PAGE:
These Imas dressed in Phaneks which resembles a sarong and Innaphis which is like a scarf, go about their everyday business each day with their forehead marked with sandalwood. Interestingly if you walk down the corridors of the market during the lunch hours or breaks you can find these women talking over socio-political issues! More power to them!
The market is almost the lifeline of the locals, selling everything from utensils, clothes and footwear to meat and fish and jewellery, you can be sure the place is a one stop destination for all basic requirements.
Jew Street, Kochi
The ancient Jew Street with narrow and well maintained street decorated by antique shops and food cafes is definitely worth exploring. The ancient Jewish synagogue with watch tower from 1760 is another place of historical importance and preserves the record of Jewish presence in India. Jew Town was constructed in 1568 is the oldest synagogue in the Commonwealth. Destroyed in a shelling during the Portuguese raid in 1662, it was rebuilt two years later by the Dutch. The area around the Synagogue is a centre of spice trade and curio shops. 15 minutes by ferry from Kochi Town .The Jewish Synagogue, a mark of exceptional architecture and history, is a fascination for hundreds of visitors everyday. There are a few other Jewish settlements too in the State.
The Jew Street is lined with shops that sell curios, antique crockery, carved wooden furniture, bronze and brass sculptures, remnants of traditional houses, and jewellery. The antique sellers of these streets are the descendants of a fast dwindling population of Jews who settled down here in AD 52. Every piece that they sell has its own tale to narrate – of a palace, of the nobility, of travels across many lands and ages.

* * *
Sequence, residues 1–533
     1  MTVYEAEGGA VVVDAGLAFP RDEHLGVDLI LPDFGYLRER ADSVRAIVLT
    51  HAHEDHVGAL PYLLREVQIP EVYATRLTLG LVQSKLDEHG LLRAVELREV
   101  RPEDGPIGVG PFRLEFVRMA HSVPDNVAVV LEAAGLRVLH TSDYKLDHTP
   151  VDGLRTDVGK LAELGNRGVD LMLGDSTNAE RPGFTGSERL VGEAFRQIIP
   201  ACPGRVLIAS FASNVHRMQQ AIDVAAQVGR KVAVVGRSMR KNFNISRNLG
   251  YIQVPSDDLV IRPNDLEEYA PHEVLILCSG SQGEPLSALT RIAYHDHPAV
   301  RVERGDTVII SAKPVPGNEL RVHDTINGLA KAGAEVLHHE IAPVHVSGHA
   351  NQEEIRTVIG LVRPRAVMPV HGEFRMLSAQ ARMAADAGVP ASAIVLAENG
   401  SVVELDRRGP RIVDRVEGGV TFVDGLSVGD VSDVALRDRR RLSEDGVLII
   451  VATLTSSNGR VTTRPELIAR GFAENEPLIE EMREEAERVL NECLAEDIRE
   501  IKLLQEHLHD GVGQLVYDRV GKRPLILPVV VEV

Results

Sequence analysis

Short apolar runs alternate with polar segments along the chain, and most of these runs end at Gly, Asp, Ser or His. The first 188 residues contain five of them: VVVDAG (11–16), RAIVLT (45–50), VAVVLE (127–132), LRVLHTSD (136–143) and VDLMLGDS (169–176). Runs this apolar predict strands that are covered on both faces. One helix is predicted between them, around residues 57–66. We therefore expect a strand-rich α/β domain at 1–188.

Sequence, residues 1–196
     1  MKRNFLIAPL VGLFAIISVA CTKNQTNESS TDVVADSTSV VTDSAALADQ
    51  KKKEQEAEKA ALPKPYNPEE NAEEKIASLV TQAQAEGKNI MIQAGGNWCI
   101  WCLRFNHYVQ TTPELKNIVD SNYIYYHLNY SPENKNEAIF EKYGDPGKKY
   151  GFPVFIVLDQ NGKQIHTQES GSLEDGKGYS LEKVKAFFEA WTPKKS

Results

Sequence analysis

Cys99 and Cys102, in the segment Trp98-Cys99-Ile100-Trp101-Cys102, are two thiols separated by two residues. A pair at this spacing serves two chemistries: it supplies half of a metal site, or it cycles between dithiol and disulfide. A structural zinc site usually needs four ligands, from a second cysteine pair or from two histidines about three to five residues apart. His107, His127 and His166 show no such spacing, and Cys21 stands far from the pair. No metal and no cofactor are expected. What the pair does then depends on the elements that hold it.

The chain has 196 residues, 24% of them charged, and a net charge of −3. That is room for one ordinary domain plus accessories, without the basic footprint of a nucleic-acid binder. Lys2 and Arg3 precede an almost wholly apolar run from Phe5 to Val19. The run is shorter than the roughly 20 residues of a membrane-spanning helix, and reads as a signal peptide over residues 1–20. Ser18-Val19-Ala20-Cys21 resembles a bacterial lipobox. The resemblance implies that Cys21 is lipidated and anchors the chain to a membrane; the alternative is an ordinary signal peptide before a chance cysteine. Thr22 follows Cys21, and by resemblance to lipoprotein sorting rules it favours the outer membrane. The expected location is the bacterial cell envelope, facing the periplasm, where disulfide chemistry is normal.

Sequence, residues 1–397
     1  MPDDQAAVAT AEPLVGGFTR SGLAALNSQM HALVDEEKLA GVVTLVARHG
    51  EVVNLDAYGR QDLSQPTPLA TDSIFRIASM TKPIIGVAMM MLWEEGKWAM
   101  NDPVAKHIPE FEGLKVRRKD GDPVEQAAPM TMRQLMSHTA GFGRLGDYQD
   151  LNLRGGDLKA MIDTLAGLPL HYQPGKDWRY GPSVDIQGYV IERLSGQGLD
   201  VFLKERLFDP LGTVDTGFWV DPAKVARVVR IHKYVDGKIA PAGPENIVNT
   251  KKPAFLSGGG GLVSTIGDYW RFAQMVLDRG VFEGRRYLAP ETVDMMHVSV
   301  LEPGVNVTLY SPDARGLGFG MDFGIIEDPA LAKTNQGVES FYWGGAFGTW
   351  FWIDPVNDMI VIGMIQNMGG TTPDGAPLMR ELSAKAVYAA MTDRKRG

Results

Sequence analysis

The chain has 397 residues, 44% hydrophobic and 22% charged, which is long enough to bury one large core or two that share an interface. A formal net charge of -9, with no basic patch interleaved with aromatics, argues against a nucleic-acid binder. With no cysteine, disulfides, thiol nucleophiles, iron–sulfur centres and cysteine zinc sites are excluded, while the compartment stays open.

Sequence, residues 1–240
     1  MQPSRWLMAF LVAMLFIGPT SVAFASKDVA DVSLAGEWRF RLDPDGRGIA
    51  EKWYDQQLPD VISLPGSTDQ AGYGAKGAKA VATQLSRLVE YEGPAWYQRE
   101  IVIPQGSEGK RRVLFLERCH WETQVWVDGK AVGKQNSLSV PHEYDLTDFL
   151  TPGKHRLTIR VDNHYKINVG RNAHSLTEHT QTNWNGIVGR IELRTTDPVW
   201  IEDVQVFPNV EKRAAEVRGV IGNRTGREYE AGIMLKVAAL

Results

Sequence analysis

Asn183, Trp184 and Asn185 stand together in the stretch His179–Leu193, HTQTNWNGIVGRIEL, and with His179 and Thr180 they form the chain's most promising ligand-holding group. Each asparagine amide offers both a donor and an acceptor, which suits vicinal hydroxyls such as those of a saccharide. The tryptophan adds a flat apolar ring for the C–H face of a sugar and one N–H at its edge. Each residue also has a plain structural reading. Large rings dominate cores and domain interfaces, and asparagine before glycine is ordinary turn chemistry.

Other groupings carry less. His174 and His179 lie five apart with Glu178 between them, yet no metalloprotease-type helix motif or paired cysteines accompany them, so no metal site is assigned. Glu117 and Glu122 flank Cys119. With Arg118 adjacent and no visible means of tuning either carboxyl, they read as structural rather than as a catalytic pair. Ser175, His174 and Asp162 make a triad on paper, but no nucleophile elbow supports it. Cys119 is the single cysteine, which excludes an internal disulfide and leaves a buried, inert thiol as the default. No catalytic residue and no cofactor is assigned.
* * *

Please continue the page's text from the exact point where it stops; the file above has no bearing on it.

Johari Bazaar, jaipur
The oldest market in the Pink city, is a shopper’s paradise…..an understatement, the market, as is apparent by the name, is a jewellery market, rife with every kind and stone, precious and semi precious, particularly diamonds, topaz and emeralds, which makes the Bazaar one of the most popular attractions in Jaipur.
Exquisite jewelries made of gold, emeralds, diamonds and silver can be spotted in several shops at Johari bazaar. Johari bazaar is open for public throughout the week. The overstated exhibition of various kinds of Rajasthani jewelry attracts tourists from various parts of India in addition to the tourists from all over the world. Located in the prime area of Jaipur, the Johari Bazaar is ohari Bazaar is also famous for bandhani and block-printed textiles, so be prepared to browse through a dazzling range of patterns and stock up on colourful fabrics. While you’re there, don’t forget to drop into Laxmi Mishthan Bhandar, widely considered to be Jaipur’s best sweet shop.
Towards the east is the other end of Tripolia Bazaar (it starts from Badi Chaupar), with its metal shops. At a small lane called Maniharon ka Raasta, off Tripolia Bazaar, you can watch lac bangle-makers at work. To the south is Kishanpol Bazaar, which has wood cots, jute strings and silver items.
The oldest bangle or Choodi market in Hyderabad, has been operational since the time of Qutub Shahis and Nizams. Laad means Lacquer. the market is popular for its artistic variety of lacquer bangles studded with artificial diamonds. In this 1-kilometre long shopping strip, most of the shops sell bangles, saris, wedding related items, and imitation jewellery.
The narrow lane is filled with burkha-clad women, bangle shops and old buildings with wooden balconies, bargaining and haggling is part and parcel of this market. Shopkeepers employ “beckoning” tactics, placing an employee at the entrance of the store beckoning passers-by to enter their shop. What all you can find here ranges from semi-precious stones, pearls, jewellery, to products such as silverware, Nirmal, Kalamkari paintings, bidriware, lacquer bangles studded with stones, to saris and handwoven materials of silk, cotton, brocade, velvet and gold embroidered fabrics, traditional Khara Dupattas, lacquer bangles and perfumes.
If you’re visiting any of these cities, a little retail therapy at the the oldest traditional markets in India, is what I advocate….indulge in the tradition and soak in the old world feel!